Bookmark:
Delicious Digg Newsvine Google Yahoo Reddit Magnoliacom Furl Facebook

Related Links

Link to the original paper:

Related News Press

News and information

The power of perovskite: OIST researchers improve perovskite-based technology in the entire energy cycle, from solar cells harnessing power to LED diodes to light the screens of future electronic devices and other lighting applications August 18th, 2017

Gold nanostars and immunotherapy vaccinate mice against cancer: New treatment cures, vaccinates mouse in small proof-of-concept study August 18th, 2017

Researchers printed graphene-like materials with inkjet August 17th, 2017

Candy cane supercapacitor could enable fast charging of mobile phones August 17th, 2017

Discoveries

The power of perovskite: OIST researchers improve perovskite-based technology in the entire energy cycle, from solar cells harnessing power to LED diodes to light the screens of future electronic devices and other lighting applications August 18th, 2017

Gold nanostars and immunotherapy vaccinate mice against cancer: New treatment cures, vaccinates mouse in small proof-of-concept study August 18th, 2017

Researchers printed graphene-like materials with inkjet August 17th, 2017

Candy cane supercapacitor could enable fast charging of mobile phones August 17th, 2017

Announcements

The power of perovskite: OIST researchers improve perovskite-based technology in the entire energy cycle, from solar cells harnessing power to LED diodes to light the screens of future electronic devices and other lighting applications August 18th, 2017

Gold nanostars and immunotherapy vaccinate mice against cancer: New treatment cures, vaccinates mouse in small proof-of-concept study August 18th, 2017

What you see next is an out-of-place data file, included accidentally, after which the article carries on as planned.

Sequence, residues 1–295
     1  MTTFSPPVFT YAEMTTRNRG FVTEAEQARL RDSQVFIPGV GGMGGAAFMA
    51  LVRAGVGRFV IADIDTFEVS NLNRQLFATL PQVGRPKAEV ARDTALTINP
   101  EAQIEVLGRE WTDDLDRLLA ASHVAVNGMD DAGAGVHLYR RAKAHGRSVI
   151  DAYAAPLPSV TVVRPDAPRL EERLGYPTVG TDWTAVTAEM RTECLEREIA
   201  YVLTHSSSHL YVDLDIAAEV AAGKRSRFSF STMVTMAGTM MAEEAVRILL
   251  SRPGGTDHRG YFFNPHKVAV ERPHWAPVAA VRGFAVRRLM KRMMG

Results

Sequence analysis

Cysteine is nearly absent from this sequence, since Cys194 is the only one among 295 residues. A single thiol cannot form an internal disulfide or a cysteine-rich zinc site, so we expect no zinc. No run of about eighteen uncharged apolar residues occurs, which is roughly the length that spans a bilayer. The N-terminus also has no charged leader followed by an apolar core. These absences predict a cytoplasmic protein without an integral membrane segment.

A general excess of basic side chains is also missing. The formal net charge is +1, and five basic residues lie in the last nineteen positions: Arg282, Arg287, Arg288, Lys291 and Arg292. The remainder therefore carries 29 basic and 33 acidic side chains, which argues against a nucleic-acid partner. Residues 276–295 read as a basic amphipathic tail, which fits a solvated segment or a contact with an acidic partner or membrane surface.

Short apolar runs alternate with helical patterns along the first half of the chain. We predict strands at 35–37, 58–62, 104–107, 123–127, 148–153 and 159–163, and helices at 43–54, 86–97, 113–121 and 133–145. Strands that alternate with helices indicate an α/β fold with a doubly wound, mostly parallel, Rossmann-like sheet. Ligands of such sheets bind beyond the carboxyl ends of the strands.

Researchers printed graphene-like materials with inkjet August 17th, 2017

Candy cane supercapacitor could enable fast charging of mobile phones August 17th, 2017

Safety-Nanoparticles/Risk management

Tests show no nanotubes released during utilisation of nanoaugmented materials June 9th, 2017

NanoMONITOR shares its latest developments concerning the NanoMONITOR Software and the Monitoring stations April 21st, 2017

NIST updates 'sweet' 1950s separation method to clean nanoparticles from organisms January 27th, 2017

Nanoparticle exposure can awaken dormant viruses in the lungs January 17th, 2017

Research partnerships

Researchers printed graphene-like materials with inkjet August 17th, 2017

Freeze-dried foam soaks up carbon dioxide: Rice University scientists lead effort to make novel 3-D material August 16th, 2017

2-faced 2-D material is a first at Rice: Rice University materials scientists create flat sandwich of sulfur, molybdenum and selenium August 14th, 2017

Moving at the Speed of Light: University of Arizona selected for high-impact, industrial demonstration of new integrated photonic cryogenic datalink for focal plane arrays: Program is major milestone for AIM Photonics August 10th, 2017

NanoNews-Digest
The latest news from around the world, FREE



  Premium Products
NanoNews-Custom
Only the news you want to read!
 Learn More
NanoTech-Transfer
University Technology Transfer & Patents
 Learn More
NanoStrategies
Full-service, expert consulting
 Learn More











ASP
Nanotechnology Now Featured Books




NNN

The Hunger Project